Public Service Co. of Colo. v. Industrial Commission

Annotate this Case

538 P.2d 430 (1975)

PUBLIC SERVICE COMPANY OF COLORADO, a Colorado Corporation, Petitioner, v. INDUSTRIAL COMMISSION of the State of Colorado and Garthur D. Severence(Deceased), Respondents.

No. 26719.

Supreme Court of Colorado, En Banc.

July 14, 1975.

*431 Lee, Bryans, Kelly & Stansfield, Robert F. Thompson, Chester H. Johnson, Denver, for petitioner.

John P. Moore, Atty. Gen., John E. Bush, Deputy Atty. Gen., Peter L. Dye, Asst. Atty. Gen., Denver, for respondent Industrial Commission of the State of Colorado.

George G. Christiansen, Denver, for respondent Garthur D. Severence (Deceased).

GROVES, Justice.

This matter involves an award granted as a result of a heart attack. We affirm.

Garthur D. Severence filed a claim before the Industrial Commission ("Commission") claiming compensation as a result of a heart attack on November 2, 1965, caused by and in the course of his employment. After a hearing before a referee, the referee made findings as follows:

"[T]he claimant, on November 2, 1965, was performing his normal duties and. . . there was nothing more than the ordinary exertion found in the usual course of his employment. The Referee further finds that there was nothing unusual about the working conditions on that date. "In view of the above, the Referee finds that the claimant has failed to prove that his heart attack was caused by his employment."

On December 7, 1970 we announced our opinion in T & T Ranch v. Bourn, 173 Colo. 267, 477 P.2d 457, in which we held that, as a result of a 1965 amendment of the Workmans Compensation Act, a showing of overexertion was no longer a prerequisite to a recovery of compensation for a heart attack sustained in the course of employment. We further held that compensation may be granted for an injury or death which resulted from exertion in the performance even of usual duties within the employee's scope of employment. The referee held a further hearing on July 28, 1971 and, as a result of Bourn, supra, ordered an award. The findings contain the following:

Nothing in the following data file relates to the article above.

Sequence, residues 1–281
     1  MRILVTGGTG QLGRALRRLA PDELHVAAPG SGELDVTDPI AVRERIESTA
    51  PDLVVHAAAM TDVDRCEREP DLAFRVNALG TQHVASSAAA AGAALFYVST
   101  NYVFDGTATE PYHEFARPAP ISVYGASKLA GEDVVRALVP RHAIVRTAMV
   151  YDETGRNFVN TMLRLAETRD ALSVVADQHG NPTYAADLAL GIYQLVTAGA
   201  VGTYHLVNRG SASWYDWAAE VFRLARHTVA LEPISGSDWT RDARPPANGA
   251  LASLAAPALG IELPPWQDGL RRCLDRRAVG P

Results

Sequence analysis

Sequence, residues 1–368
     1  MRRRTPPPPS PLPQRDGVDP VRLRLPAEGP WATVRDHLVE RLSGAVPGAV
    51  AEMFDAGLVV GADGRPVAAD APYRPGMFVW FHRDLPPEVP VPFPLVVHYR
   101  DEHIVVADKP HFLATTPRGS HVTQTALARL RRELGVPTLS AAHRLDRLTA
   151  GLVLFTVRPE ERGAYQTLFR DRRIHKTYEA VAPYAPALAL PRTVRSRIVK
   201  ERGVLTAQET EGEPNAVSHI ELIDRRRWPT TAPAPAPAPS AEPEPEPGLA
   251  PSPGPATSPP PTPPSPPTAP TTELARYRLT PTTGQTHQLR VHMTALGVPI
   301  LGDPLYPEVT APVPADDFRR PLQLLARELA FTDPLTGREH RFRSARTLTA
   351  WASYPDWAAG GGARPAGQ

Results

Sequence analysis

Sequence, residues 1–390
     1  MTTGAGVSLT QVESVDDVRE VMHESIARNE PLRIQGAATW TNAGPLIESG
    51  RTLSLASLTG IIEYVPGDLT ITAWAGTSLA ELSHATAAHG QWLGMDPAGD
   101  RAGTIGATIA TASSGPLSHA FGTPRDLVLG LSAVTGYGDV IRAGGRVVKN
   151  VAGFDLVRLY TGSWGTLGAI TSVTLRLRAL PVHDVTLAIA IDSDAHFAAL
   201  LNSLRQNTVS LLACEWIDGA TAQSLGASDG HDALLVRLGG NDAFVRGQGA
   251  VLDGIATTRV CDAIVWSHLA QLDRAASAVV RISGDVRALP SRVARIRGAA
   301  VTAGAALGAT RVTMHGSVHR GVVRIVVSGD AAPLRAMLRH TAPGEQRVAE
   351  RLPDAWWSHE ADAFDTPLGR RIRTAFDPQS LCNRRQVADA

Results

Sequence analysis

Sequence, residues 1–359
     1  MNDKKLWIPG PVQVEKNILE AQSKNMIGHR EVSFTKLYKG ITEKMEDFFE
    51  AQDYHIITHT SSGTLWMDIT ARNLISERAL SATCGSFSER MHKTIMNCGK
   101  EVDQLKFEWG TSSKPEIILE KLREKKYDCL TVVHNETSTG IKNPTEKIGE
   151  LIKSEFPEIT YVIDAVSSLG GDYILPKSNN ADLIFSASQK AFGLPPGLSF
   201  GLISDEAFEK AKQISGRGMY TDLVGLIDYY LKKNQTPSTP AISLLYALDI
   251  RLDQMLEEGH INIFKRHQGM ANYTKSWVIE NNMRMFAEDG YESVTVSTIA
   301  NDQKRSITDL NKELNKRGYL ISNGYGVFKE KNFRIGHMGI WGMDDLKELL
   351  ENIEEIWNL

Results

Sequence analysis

"The Referee, having again reviewed the entire file and the testimony, finds *432 that the claimant's myocardial infarction which occurred on November 2, 1965 was causally related to his employment on that date; that the conditions of his employment on that date did aggravate a pre-existing condition and bring about the heart attack which with subsequent complications have totally disabled the claimant from seeking gainful employment, and the claimant has been, and remains, permanently and totally disabled as a result of his industrial accident of November 2, 1965."

The claimant, who was 62 years of age, testified that on November 2, 1965 he made about 30 trips carrying mortar and other articles up a ladder; that he requested help; that the foreman advised that there was no one to help him and that he would have to do it himself; that he had never had any previous heart trouble; that during the afternoon of that day intense pains commenced in his chest and arm; that he became unconscious; and that he was hospitalized for treatment of a heart attack.